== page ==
Of the many sites in Israel available to pilgrims looking to immerse themselves in environments that recall the people, places, and events of the Bible, Magdala is one of the newest to open.


Learn More


The modern city of Migdal was only recently founded, in 1910.  In biblical times it was known as Magdala, the home and birthplace of Mary Magdalene.  Magdala fell in 67 CE after a siege by Roman forces; the archaeological remains of the settlement were only re-discovered in 2009 when a routine dig prior to the construction of a new retreat center uncovered a first century synagogue.  There are only a few synagogues in all of Israel that have been excavated from the first century.  Given its date and location, it is likely Jesus preached here.  Matthew’s Gospel states:  Jesus went throughout Galilee, teaching in their synagogues, preaching the good news of the kingdom, and healing every disease and sickness among the people. (Matthew 4:23 – NIV)  It is probable that Mary Magdalene would have prayed here as well.     


What to See in Magdala

Visitors to Magdala can currently explore the archaeological site and the recently constructed spiritual center, Duc In Altum, which contains several chapels and an atrium dedicated to the women of the Bible.  Construction is underway on a visitor center, a 160-room guesthouse, a restaurant, and a seaside worship center, while excavations continue at the archaeological park. 

Duc in Altum

Duc In Altum derives its name from Luke 5:4, in which Jesus tells Simon Peter to “launch into the deep.”  The Women’s Atrium honors women of the Bible and contains eight pillars, seven of which represent specific women from the Bible, and one that represents women of faith across time.  The pillars honor Mary Magdalene; Susana and Joanna, the wife of Chuza; Mary and her sister Martha; Salome, the mother of James and John; Simon Peter’s mother-in-law, who was healed by Jesus; Mary, wife of Cleopas; and the many other women from the Bible who supported Jesus.

The Boat Chapel features an altar in the shape of a boat in front of a large window overlooking the Sea of Galilee.  It recalls when Jesus stepped into Simon Peter’s boat and preached to a crowd from the Sea of Galilee.

In addition to the Boat Chapel, Duc In Altum contains four smaller Mosaic Chapels, each of which features a beautiful mosaic depicting a biblical event that occurred on or near the Sea of Galilee. 

Finally, the Encounter Chapel, housed in the lower level of Duc In Altum, features a large painting entitled “Encounter.”  The painting depicts the biblical story of the hemorrhaging woman who attempts to touch Jesus in hopes of being healed (Mark 5: 25-29) and is meant to represent Jesus’ encounter of all of us.  The chapel’s structure is inspired by the Magdala First Century Synagogue, while its floor dates back to the first century and is the site of the marketplace where many fishermen from the Sea of Galilee would have come to sell their fish.  Here it is easy imagine Jesus encountering various people in the marketplace, including fisherman, merchants, traders, and locals.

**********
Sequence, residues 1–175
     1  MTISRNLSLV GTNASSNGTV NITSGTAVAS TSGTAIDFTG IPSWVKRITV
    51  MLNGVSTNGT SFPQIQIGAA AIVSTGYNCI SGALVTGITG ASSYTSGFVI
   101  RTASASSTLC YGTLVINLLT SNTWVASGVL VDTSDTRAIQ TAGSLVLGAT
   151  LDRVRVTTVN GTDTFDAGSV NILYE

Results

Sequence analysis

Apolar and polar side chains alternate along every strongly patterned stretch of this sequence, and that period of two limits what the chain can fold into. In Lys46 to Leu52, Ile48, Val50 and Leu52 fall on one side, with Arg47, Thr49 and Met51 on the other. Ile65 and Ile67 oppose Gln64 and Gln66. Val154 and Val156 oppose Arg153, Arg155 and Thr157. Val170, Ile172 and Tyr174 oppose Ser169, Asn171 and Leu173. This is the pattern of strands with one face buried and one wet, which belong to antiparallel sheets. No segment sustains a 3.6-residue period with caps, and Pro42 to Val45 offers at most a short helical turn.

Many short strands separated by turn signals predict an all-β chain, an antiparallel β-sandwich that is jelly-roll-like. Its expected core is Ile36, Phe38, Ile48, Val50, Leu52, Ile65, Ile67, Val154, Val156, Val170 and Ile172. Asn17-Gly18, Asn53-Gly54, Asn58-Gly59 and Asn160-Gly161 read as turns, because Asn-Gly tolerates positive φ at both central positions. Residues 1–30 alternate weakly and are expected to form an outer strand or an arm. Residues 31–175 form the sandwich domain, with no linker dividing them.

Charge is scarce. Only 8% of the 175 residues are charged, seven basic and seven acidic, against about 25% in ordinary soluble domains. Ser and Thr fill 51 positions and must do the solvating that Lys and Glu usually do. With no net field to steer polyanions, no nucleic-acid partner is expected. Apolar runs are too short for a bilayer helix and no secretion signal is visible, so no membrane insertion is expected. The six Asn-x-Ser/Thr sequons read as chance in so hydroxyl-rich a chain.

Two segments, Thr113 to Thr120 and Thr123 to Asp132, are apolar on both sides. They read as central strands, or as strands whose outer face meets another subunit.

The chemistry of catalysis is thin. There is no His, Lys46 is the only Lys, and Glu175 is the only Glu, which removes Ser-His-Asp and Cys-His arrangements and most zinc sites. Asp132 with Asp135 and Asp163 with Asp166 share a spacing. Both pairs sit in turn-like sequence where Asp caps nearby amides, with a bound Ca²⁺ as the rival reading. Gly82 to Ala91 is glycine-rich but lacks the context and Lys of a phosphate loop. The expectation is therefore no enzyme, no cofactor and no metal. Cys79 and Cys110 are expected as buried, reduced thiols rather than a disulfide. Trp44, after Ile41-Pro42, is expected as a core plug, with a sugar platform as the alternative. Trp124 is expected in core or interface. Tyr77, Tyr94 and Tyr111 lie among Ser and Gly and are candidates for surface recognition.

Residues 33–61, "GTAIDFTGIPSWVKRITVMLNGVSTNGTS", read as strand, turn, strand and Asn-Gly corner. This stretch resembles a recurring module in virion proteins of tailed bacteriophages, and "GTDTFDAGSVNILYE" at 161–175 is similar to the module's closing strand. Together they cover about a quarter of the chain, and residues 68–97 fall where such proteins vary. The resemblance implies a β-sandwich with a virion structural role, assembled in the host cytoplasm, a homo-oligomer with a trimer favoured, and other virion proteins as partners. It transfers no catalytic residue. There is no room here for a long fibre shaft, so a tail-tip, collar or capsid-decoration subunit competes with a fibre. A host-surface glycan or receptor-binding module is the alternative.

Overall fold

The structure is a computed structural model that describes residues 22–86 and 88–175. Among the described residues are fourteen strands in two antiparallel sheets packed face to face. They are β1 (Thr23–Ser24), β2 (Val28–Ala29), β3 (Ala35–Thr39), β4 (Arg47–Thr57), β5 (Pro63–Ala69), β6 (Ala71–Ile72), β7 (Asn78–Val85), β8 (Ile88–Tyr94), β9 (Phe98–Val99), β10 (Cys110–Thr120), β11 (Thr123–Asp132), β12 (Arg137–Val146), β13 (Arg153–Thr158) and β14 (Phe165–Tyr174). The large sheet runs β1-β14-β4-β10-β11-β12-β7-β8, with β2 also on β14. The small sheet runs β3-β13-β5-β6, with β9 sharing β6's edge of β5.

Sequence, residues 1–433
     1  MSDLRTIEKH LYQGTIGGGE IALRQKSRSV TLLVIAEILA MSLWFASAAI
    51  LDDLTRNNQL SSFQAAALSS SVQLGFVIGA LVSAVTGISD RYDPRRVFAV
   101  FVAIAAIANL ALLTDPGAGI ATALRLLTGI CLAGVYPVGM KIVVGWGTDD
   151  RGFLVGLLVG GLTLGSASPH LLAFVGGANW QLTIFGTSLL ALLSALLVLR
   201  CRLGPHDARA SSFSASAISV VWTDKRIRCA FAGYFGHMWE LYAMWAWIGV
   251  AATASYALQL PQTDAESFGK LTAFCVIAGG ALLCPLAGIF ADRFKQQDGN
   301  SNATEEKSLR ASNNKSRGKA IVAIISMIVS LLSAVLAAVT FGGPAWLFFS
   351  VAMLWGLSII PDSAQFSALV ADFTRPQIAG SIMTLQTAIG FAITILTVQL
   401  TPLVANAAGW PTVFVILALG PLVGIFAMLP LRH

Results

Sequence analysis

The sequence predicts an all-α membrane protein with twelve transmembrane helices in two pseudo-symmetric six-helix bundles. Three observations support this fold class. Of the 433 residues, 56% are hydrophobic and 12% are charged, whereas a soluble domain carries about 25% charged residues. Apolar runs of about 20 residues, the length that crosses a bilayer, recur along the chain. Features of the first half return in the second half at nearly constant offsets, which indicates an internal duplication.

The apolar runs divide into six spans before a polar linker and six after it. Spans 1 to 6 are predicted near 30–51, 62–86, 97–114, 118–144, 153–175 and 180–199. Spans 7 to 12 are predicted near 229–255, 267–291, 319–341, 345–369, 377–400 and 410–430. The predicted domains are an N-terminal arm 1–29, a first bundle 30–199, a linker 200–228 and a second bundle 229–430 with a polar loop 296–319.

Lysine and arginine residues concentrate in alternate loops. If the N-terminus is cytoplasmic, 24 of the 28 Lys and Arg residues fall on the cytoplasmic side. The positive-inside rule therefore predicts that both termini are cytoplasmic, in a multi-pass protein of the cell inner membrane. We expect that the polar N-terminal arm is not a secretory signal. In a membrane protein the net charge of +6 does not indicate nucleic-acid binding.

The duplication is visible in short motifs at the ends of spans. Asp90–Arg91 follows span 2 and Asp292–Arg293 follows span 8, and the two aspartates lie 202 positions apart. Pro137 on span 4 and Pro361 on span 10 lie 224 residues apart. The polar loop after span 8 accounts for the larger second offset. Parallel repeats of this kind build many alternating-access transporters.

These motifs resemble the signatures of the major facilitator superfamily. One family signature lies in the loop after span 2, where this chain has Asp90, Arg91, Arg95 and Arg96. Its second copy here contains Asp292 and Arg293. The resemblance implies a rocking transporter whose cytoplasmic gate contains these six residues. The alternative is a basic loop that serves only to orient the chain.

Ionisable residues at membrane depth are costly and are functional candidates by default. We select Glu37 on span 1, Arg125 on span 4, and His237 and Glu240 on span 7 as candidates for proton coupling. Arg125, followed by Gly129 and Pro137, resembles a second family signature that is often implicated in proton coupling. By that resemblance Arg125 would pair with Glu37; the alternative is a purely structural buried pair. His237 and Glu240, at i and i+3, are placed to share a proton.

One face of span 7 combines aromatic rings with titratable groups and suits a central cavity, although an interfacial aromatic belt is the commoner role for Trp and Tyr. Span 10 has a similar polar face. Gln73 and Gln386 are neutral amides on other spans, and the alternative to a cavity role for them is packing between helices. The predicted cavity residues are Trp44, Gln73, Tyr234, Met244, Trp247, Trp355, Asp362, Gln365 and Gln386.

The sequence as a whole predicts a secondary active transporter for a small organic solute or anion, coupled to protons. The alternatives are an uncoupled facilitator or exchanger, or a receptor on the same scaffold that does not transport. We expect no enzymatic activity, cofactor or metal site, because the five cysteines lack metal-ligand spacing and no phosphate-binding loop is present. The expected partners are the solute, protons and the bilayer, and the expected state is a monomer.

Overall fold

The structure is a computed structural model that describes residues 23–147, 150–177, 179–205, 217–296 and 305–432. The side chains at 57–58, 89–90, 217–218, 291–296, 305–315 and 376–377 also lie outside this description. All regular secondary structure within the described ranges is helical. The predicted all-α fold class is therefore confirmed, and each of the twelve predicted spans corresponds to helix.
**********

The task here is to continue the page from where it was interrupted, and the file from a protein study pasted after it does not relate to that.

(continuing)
image courtesy of

Archaeological Park

Excavations at the Magdala archaeological park began in 2009 upon the discovery of the first century synagogue.   Although there is much left to be excavated, there are several finds at Magdala that will be of interest to visitors and pilgrims.

The synagogue at Magdala is one of seven first century synagogues throughout Israel.  Archaeologists found a coin here that was minted in Tiberias in 29 CE—coinciding with the time of Christ’s ministry.  Jesus would have stopped to preach during his travels throughout Galilee and Mary Magdalene would have prayed here.

The Magdala Stone is a recent find that archaeologists are hoping will increase our understanding of Judaism in the first century.  It is the oldest known artistic representation of the Second Temple, which stood upon the Temple Mount for six centuries until it was destroyed by the Romans in 70 CE.  Archaeologists are still trying to interpret the decorative symbols covering the stone that depict not only the Temple structure, but also various ceremonial Jewish objects.  More detailed information on the stone—including photographs from various angles—is available at

In addition to the synagogue and the Magdala Stone, visitors to Magdala can marvel at the remains of several ancient mansions paved with colorful mosaic floors; ritual baths, or mikvaot; a marketplace with a technologically advanced and still-functioning plumbing system for fresh groundwater; and a warehouse and wharf.  For more detailed information, visit 

image courtesy of

Magdala Visitor Information

Magdala is open to visitors every day (Monday-Sunday) from 8:00am to 6:00pm.  Clergy, pastors, and tour leaders can get in free and discounts are offered to both seniors and students.

Illume takes pride in creating experiences that broaden perspective, explore other cultures, deepen faith and create bridges of understanding between people of all cultures and walks of life.  Following in the footsteps of Jesus to sites like Magdala can be transformative for believers and non-believers alike, who may be inspired by visionary men and women from the past, their fellow sojourners, and those they meet overseas who practice their faith and conduct their lives in a variety of different ways.

Contact Illume today to arrange a travel program to Israel for your congregation, interfaith group, or other constituency.

Back to Bibliography